Wednesday, February 15, 2012

This isn’t my day job (most days)

I am an archaeologist. Yes, it is a real job. This is the career I’ve wanted since the 3rd or 4th grade (see pictures for proof). I used to work on excavations, but about 12 years ago I took some classes on conservation and some major guilt kicked in. I learned all about how the evil “agents of deterioration” were acting on everything I had ever excavated, and I knew from experience that artifacts sometimes turn to powder because of neglect. Since learning that, I have worked to assess and research collections instead of creating new ones. It’s not that I have a problem with new collections being generated, far from it, I just find it more rewarding to be the one caring for the artifacts when the excavation is over. I’m now a curator in a museum where I compile research on archaeological collections, keep them organized, and make sure they are kept according to archival museum standards.
Behold my first archaeological dig. I am a 5th grader in these photos, and I had gotten a book about how to do archaeology. It went over the supplies needed, and said to set up a grid. Grammy Rivers and my parents helped me gather the tools, and then Grammy, in rollers, helped me drive in the grid stakes (top left). But the book didn't really say what to do next. For example, it didn't point out the folly of sifting into the unit you are digging. Still, I got a school project and a boat load of 19th-century artifacts out of it. Big thanks to the 'rents for cutting the lumber off our land in Maine, revealing the site, and for donating the use of the dining room table as my mending station for a year or two (bottom right). I didn't do it right back then-- Elmers glue is not recommended on archaeological ceramics-- but I was a kid with the coolest jigsaw puzzle I could have ever hoped for. I kind of regret the bangs and the purple moon boots, but not my interest in archaeology, even if I didn't do it according to professional standards. 

Usually, this career has nothing to do with the private collections that I post about on this blog. My personal treasures are almost entirely clothing articles made of fragile textiles, and fabric rarely survives underground in the Chesapeake region where I work; there are too many little microbes that find them tasty. So in theory, home and work should not overlap.  But, of course, they do.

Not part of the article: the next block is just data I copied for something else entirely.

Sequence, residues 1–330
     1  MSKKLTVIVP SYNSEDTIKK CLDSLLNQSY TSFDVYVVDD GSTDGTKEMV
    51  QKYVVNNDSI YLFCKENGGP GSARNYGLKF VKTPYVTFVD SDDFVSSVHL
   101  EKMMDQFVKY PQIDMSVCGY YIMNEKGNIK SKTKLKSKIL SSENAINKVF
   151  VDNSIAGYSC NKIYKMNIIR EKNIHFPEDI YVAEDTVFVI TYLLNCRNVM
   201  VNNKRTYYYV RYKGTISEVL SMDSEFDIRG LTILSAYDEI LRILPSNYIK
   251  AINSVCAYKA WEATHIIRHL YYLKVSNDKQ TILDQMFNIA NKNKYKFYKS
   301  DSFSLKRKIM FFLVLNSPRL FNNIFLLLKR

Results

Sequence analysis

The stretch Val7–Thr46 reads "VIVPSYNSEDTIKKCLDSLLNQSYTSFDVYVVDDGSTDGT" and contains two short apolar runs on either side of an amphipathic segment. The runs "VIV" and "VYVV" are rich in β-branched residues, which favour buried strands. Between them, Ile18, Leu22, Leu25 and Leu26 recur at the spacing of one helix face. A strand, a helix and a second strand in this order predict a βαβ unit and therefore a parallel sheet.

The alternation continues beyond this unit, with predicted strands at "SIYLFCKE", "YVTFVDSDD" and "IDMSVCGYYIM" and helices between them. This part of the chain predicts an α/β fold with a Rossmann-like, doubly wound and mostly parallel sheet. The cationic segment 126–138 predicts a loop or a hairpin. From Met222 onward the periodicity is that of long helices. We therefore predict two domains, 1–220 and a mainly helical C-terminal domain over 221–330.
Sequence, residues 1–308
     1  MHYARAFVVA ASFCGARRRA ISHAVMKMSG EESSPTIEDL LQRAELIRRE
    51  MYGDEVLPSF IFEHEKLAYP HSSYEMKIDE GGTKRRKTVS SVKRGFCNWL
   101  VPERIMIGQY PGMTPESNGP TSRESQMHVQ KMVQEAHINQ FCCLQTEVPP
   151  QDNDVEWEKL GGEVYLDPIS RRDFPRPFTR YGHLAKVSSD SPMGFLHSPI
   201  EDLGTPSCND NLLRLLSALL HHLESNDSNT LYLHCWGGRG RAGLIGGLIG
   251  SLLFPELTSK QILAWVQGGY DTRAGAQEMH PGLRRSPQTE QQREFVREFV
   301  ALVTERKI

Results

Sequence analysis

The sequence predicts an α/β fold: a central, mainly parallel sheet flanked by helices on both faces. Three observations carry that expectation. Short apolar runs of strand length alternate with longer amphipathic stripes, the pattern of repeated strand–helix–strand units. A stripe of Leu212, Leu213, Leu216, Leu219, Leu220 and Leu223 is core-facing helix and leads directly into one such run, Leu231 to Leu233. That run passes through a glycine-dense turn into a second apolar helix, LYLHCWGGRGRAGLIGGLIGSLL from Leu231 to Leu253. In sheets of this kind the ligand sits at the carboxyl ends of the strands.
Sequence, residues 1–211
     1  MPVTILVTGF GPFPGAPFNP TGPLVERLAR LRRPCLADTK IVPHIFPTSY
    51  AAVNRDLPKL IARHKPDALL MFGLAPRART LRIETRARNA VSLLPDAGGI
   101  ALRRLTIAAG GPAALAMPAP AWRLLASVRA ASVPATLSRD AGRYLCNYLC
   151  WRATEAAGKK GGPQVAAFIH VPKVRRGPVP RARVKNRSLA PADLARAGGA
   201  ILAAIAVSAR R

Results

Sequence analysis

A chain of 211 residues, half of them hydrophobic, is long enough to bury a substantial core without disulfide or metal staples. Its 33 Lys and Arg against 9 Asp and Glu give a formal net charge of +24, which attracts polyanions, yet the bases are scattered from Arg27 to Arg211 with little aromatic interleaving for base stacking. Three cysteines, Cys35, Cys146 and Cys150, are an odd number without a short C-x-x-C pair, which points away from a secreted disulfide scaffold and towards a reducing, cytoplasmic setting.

Collections management is collections management no matter where you are. I’m trained to do it professionally, and I can’t discard that knowledge when I get home. In a professional museum setting, collections care calls for organization, inventories, tracking, archival materials, safe handling, pest control, and sufficient storage space. Ideally, you should have a budget and staff to maintain this order. Pest traps, acid-free boxes, sufficient shelving, database software… You get the picture. Also, when you are paid to care for collections, you have 40 hours a week to stay on top of these things.

At home? Well, the budget isn’t really there for one thing. Archaeology as a career isn’t lucrative from a cash standpoint, though I do feel rich when it comes to enjoying my work. So my house is small, archival storage is expensive (and not something I want to use to decorate my living room), climate control is impossible because my small house is also old, and pest control is only going to happen if my cats take an interest. Conditions for my collections at home include such curatorial no-nos as overstuffed boxes, boxes stacked perilously high, major fluctuations in temperature and humidity, use of wooden storage containers that off-gas acids, and the placement of collections in a closet that is known to have had mold and moths.

I do my best to monitor things and get the right storage materials as my budget allows, but even when I purchase archival-quality supplies, there’s no telling when I’ll get around to using them. As I write this, a brand new pack of acid-free tissue sits on a table in my living room and it has been there for well over a month. Because here’s another thing I usually lack at home: any motivation whatsoever to continue doing what I did all day at work.

I like getting my collections out, looking at them, inspecting how they were made, taking pictures, and putting garments on a dress form to see how they once fit. I do not, however, like putting it all away again, nor do I let myself dwell on a stain I saw or a smell that lingers. If my goal in getting things out is inventory or condition assessment, that takes all the fun out of it! Truly, if the word “systematic” enters my mind with regard to going through the collection, I immediately feel some urgent need to check Facebook or watch TV.

All that being said, I do know what I’m supposed to do as a responsible steward of collections. I do make myself put things away, and I do eventually use those storage supplies. From time to time my posts will focus on techniques for caring for costumes in a non-museum setting. I have to take a practical, low budget approach, even if it’s not up to par with what I would do at work. If my readers also have collections, maybe it’ll be useful to share what I like to call “best-ish” practice for collections care at home.

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